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Kaviak Alaskan Malamutes

USA, Since 1995


Owned by:
Joyce DeLay
Copyright 2014, Alaskan Malamute Heritage
Reproduction without permission is prohibited
Background & Early Dogs
Q. How & when did you get started in Malamutes?
A. Growing up, my family always had dogs, usually whatever
stray mutt ended up on our doorstep needing a home. We
never had a purebred dog but was always fascinated by them,
especially large breeds that resembled wolves. ac!uired my
first malamute, a male, in "##$ from an ad out of the paper. %he
second, a bitch named &illy, !uickly followed. Both were altered
and were strictly companions.
'. What was it about you, your background or lifestyle that
made you choose this breed?
A. love all dogs, but (ve always been a )big dog* person.
chose malamutes for the wrong reason+ liked the way they
looked. ,ortunately, it was a good match. stuck with the breed
because en-oy the fact that a malamute is an independent,
)thinking* breed. %hey are as stubborn as am.
Q. Who were your first dogs and what activities did you do with them conformation, obedience,
working, etc!?
A. took both of my first dogs to a basic obedience course taught by /risty %aylor 0at the time, her surname
was 1chraad2 some will know her as !rairie "now malamutes3. /risty suggested that &illy might be a good
candidate for competitive obedience. 1he became my start in dog sporting events. 4er strength was
heeling. 1he was precise, which allowed her to earn high scores. &illy finished her 5D in three straight
trials, with all scores in the "#6s. %his was back in the days when you only had 76 days to continue showing
a dog in novice once the title was finished, so only got to show her si8 times at 9/5 shows. 4er average
score was "#$. 1he won high in trial at the "### national specialty in :ortland with a score of "#7.$ and was
the 9;59(s Blackhawk 9ward winner that year.
%he only reason didn(t pursue advanced obedience titles with &illy was she tore her 95<s, one right after
the other. %hese in-uries were surgically repaired, but the -umping proved to be too much for her when we
returned to training and had to retire her from competition. n
spite of this, was able to bring her back out at the age of "6 to
finish her =ally >ovice title with two perfect 0"663 scores. ?@5D
&illy 5D => 5G5 was a wonderful companion and passed -ust
one month shy of her "$
th
birthday.
would also like to mention my first champion, Ch #RA$%ind&s
'a(iak )ree*e )rame, a beautiful male ac!uired from Gary and
=onda 9llen in A666 0Ch Mobear&s +o More Mr +ice #uy 8 Ch
"nowy ,leu&s -sis o. #RA$%ind3. ,lash was a big dog with a lot of
attitude. 4e took his first points as a si8@month@old puppy his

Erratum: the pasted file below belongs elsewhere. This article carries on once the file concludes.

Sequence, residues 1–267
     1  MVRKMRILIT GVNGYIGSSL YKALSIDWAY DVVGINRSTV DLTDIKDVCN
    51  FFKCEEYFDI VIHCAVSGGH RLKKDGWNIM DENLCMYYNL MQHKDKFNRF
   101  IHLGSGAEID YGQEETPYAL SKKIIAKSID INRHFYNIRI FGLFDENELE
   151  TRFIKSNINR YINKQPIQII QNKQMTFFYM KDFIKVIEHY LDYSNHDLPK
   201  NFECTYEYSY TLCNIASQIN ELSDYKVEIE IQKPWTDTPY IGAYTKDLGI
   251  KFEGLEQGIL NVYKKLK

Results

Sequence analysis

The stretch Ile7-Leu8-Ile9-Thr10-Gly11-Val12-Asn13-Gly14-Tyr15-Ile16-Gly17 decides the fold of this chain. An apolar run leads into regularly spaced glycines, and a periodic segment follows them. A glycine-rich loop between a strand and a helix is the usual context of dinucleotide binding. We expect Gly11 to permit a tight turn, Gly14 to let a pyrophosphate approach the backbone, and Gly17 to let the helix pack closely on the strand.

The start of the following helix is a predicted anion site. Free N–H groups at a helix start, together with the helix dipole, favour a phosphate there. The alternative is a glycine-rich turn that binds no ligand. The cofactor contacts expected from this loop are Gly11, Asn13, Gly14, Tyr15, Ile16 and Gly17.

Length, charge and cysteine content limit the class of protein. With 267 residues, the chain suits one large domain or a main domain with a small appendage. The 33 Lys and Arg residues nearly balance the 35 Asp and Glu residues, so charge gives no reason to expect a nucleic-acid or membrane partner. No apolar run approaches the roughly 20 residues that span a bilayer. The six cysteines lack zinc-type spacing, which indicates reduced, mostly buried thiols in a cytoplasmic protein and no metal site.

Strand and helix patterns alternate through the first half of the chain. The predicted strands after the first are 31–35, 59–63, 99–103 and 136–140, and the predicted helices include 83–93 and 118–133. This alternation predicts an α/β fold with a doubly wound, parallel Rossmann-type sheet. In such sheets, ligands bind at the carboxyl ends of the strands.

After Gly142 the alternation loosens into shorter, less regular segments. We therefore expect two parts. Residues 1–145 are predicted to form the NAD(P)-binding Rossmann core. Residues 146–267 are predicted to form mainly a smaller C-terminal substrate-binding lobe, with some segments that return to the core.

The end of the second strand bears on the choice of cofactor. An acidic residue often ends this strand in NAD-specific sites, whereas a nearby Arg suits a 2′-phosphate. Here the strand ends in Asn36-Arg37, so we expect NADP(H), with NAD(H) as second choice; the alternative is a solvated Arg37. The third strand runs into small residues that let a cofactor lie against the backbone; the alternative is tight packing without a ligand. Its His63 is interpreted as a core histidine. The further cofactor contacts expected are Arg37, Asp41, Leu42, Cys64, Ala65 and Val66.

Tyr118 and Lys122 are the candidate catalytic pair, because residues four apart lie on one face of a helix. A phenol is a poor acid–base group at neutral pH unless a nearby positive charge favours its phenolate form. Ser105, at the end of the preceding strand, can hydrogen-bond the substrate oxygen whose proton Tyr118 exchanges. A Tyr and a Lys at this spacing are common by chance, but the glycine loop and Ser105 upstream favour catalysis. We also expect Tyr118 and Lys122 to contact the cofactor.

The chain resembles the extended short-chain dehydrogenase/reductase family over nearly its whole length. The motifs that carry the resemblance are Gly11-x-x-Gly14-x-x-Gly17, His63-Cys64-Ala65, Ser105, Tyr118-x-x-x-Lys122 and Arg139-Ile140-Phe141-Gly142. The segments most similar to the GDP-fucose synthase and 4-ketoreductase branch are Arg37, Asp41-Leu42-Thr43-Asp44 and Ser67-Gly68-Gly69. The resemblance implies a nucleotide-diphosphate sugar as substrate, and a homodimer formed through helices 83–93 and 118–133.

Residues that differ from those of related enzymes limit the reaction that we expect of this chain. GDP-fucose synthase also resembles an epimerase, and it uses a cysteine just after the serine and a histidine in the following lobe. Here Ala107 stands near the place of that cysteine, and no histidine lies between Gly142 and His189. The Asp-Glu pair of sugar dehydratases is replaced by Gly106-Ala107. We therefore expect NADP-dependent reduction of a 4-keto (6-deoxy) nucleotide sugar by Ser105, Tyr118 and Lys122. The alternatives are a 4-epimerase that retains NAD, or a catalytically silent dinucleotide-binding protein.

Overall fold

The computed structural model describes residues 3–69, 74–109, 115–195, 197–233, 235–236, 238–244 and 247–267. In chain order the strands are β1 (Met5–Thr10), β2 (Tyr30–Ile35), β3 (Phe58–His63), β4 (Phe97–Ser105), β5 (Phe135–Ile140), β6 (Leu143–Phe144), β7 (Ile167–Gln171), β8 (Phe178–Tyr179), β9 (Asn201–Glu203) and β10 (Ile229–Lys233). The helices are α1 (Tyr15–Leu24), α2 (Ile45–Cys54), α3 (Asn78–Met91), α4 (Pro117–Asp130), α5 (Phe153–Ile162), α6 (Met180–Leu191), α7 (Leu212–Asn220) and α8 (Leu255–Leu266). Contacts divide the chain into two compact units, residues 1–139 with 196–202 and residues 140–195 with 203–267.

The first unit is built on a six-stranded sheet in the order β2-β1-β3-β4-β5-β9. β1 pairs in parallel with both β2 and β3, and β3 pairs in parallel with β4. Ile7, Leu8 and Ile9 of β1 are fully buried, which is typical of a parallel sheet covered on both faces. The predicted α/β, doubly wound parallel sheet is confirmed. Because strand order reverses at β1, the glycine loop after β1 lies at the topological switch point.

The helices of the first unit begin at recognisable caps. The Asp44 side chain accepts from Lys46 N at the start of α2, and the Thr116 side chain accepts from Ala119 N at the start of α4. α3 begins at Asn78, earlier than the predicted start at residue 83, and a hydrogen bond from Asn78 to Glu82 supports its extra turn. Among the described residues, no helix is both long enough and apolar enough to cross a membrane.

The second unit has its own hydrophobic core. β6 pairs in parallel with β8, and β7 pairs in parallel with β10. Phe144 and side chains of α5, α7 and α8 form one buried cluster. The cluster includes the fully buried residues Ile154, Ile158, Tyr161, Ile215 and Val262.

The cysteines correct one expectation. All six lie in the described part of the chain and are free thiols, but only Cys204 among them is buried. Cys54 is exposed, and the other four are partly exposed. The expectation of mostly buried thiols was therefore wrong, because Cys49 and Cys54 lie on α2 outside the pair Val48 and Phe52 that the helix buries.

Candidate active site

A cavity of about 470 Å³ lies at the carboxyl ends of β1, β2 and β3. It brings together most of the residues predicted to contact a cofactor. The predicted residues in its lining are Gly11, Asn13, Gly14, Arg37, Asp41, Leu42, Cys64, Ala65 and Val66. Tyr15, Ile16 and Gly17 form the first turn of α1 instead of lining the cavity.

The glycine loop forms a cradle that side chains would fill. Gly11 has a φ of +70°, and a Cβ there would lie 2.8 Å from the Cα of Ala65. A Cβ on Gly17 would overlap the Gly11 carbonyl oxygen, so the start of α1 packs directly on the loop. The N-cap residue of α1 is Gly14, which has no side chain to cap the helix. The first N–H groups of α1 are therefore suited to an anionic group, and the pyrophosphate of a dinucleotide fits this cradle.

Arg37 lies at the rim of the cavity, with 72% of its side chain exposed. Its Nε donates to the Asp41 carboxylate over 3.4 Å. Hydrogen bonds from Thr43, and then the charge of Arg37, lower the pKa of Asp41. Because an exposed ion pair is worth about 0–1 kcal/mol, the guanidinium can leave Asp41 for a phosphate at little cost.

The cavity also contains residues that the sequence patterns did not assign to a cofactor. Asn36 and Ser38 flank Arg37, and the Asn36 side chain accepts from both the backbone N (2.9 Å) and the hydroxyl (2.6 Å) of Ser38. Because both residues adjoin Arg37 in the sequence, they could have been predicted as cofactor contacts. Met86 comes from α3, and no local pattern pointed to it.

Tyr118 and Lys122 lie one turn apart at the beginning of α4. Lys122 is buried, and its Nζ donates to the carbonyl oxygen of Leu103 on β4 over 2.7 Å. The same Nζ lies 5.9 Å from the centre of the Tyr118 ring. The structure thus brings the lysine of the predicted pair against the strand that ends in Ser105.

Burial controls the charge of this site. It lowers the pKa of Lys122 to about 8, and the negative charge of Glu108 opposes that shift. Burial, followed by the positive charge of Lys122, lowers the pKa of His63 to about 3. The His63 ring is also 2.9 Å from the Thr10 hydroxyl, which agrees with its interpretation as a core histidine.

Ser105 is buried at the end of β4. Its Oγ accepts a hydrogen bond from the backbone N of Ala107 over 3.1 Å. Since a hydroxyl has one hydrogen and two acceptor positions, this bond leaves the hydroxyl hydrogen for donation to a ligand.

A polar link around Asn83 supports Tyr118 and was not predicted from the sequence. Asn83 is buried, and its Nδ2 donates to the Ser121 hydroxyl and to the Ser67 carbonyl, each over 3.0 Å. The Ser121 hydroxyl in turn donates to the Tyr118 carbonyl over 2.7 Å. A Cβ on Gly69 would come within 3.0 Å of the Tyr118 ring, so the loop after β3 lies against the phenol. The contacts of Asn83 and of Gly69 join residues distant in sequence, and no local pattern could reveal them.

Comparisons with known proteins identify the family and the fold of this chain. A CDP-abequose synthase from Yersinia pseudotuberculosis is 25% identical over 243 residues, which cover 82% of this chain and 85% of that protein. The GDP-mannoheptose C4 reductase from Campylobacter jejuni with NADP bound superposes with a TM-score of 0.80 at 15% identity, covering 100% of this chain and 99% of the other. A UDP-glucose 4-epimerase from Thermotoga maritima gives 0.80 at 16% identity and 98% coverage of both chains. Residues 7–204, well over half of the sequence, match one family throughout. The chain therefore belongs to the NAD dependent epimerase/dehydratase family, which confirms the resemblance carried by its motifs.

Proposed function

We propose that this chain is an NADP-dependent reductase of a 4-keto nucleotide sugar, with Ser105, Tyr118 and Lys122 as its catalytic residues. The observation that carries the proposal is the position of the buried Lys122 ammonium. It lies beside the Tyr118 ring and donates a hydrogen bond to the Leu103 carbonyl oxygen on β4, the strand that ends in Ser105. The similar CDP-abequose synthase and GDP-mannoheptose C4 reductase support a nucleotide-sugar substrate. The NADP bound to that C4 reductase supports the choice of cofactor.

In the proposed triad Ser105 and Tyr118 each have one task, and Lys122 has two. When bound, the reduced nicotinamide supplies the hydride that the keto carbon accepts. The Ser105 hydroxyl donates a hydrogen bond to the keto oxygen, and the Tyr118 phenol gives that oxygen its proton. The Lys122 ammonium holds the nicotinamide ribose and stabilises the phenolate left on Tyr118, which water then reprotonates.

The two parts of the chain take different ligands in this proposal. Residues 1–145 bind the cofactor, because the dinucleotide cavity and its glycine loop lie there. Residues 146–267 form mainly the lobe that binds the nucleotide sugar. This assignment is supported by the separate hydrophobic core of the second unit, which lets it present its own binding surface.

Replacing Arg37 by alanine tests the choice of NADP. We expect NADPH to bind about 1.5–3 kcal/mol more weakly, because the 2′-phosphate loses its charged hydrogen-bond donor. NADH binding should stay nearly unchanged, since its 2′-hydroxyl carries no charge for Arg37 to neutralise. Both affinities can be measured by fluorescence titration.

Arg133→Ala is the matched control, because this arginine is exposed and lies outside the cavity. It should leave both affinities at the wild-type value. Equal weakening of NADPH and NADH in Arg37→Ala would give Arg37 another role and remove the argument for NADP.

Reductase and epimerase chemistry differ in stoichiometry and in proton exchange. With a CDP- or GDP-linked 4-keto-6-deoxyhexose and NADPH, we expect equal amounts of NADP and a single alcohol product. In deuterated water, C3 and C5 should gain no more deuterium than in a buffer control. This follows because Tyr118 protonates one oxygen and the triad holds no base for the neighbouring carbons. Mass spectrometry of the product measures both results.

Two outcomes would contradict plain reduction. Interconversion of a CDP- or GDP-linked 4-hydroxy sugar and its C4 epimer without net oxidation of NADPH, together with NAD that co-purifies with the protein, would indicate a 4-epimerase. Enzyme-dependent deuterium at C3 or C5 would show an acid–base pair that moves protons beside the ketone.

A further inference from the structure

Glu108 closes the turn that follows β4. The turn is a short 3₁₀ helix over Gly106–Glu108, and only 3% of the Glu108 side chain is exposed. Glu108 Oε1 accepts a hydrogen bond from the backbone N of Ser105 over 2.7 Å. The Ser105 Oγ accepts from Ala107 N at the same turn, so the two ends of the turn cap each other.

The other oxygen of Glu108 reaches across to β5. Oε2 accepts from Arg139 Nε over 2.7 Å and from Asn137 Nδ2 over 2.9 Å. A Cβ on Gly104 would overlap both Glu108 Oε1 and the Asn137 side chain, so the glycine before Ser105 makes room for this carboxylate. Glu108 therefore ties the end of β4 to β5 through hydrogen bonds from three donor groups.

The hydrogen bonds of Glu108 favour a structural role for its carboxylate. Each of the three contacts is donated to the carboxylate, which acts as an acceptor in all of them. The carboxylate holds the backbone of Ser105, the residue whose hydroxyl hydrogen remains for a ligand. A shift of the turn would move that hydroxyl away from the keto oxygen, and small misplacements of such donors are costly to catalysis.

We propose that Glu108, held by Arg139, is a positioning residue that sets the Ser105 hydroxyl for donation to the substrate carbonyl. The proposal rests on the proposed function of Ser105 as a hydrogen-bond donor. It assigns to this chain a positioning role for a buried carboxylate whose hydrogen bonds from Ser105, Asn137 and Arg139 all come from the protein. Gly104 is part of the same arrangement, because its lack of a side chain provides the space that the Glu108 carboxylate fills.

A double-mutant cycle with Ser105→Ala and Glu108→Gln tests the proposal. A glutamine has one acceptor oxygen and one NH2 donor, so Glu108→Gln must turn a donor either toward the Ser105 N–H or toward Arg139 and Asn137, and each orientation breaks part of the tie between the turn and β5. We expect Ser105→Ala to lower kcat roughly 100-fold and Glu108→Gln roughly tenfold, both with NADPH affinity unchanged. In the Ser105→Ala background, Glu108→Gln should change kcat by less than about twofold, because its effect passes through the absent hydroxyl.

very first time in the ring, and was hooked. n spite of my
novice handling he finished easily at the age of two, and began
placing in the group at three years old. %he rest is historyB in
addition to being my first champion, he was also a group winner
and had many group placements, all but one of which was
earned with me on the end of the lead. was very lucky to be
able to buy this lovely dog right out of the gate. Ch. GRA-Winds Kaviak Freeze Frame, "Flash"
winning the grou at age !
Flash "right# at age $% with his &eauti'ul daughter
(ndi, Ch. Kaviak )n *otem)s +ahire +k, , also a
grou la-er
9lthough ,lash was an incredible start for me, he was also a
challenge. 4e thought he was the king of the world and had a real
sense of humor. lost ,lash at the age of "C. loved him dearly and
will never forget him.
Q.What dogs do you consider the foundation dogs"bitches of your
breeding #rogram?
A. ;y foundation bitch was ac!uired from %e8 & :atty :eel and Gail
5astonguay in A66C. 5leo, Misty !ak&s Moonlit 'iss 0Ch Mushateer&s
/ewis Moon 0 Ch "no'lassic !iece o. my Heart3 was bred by the :eels
and 1andy D(9ndrea, but as Gail(s stud fee puppy she wore the
Misty !ak kennel name.
5leo was produced by semen froDen in the EF6s from :appy, a
linebred Ch 1oyageur&s Cougar son. ;any pedigrees trace back to the
various members of the Goyageur litter 05ougar, brother :hantom
and sisters Gicky and Elke, born in "#77, were the ones who
contributed to the gene pool3, although my dogs are the only place in the breed today where you(ll find
5ougar within C or H generations. %here is more :appy semen out there, including some that own with
:enny Devaney, so we(ll likely see more dogs from this background when it is used.
5leo was never finished. 1he was shown -ust one weekend as a puppy and won two singles, but she hated
the show ring and dragged as only a malamute can. 4owever, she contributed much to my breeding
program 0see ne8t !uestion.3.
Q. What did each of your foundation dogs contribute?
A. think the best way to answer this !uestion is to describe
the thinking behind the first couple of breedings did, both
with 5leo to the same stud dog, Dan 0Ch !rairie "now&s
/ieutenant 2an3. 5leo brought many good things to my
breeding program, including great bone and substance2 large
snowshoe feet2 proper tail, coat and mouth2 a correct front